The radical Synergy™ Summation Aperture Horn Technology provides remarkably even high / mid frequency distribution from the 60º x 60º horn assembly, delivering unmatched clarity and definition from a loudspeaker box.
Synergy Technology, designed by Tom Danley and engineered into the S4P by VTC Pro Audio is capable of delivering ultra clear reproduction through the high-mid band with extremely linear frequency response. The Synergy horn combines a single 1-inch throat with a 1.75-inch diaphragm high frequency compression driver alongside three 5-inch ceramic magnet midrange drivers on a single, highly efficient conical horn. This combines high and mid frequency energy in a single conical horn that evenly produces frequencies from 350Hz to 20kHz.
The radical nature of the Synergy horn required a radical power amp solution to ensure optimum performance from the system. An integrated DSP provides three-way internal crossover, time alignment, component protection, limiting and an extremely accurate overall cabinet EQ. Time delayed output for accurate subwoofer alignment ensures the VTC S4P delivers maximum impact in systems where complex external processing isn’t the preferred set-up solution.
The S4P uses a combination of amplifier topographies to ensure reliability and superior loudspeaker performance. Two Class A/B amplifier modules deliver 150-watts each to the 1.75-inch horn driver, and to the three 5-inch ceramic drivers that make up the Unity horn assembly. An additional three-tier designed amplifier module delivers 600-watts to the 15-inch neodymium woofer.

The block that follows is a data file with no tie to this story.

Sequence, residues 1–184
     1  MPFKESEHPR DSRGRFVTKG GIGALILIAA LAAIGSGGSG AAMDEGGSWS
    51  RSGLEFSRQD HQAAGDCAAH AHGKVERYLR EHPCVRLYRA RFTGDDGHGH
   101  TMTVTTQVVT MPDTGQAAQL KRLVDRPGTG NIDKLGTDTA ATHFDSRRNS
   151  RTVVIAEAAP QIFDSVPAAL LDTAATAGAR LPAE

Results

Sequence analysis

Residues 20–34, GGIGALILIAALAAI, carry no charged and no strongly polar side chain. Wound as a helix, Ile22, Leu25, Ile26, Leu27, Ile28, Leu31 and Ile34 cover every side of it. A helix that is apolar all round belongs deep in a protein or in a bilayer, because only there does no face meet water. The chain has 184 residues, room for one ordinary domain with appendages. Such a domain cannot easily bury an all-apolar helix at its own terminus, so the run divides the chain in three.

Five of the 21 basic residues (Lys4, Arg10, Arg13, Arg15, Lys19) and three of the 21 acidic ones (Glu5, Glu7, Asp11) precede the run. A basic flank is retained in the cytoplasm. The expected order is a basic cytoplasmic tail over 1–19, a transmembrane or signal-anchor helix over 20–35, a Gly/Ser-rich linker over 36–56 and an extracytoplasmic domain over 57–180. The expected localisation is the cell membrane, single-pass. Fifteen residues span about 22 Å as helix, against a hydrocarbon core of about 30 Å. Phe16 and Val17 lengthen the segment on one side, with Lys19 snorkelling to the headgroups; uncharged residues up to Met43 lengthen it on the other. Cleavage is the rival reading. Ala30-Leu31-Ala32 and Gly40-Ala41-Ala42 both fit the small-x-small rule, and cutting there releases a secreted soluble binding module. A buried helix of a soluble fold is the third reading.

The S4P is built using 5/8-inch birch plywood cabinet construction. Integrated bar handles and standmount adaptor allows the S4P to be quickly and easily integrated into any mobile live PA system. The cabinet’s unmatched clarity and performance make an ideal choice as a repeater cabinet in large rooms and concert halls. Integrated flypoints allow the S4P to be flown in multi-cabinet arrays or installations without modification to the box. The cabinet’s trapezoidal shape was designed with tight-pack box arrays in mind.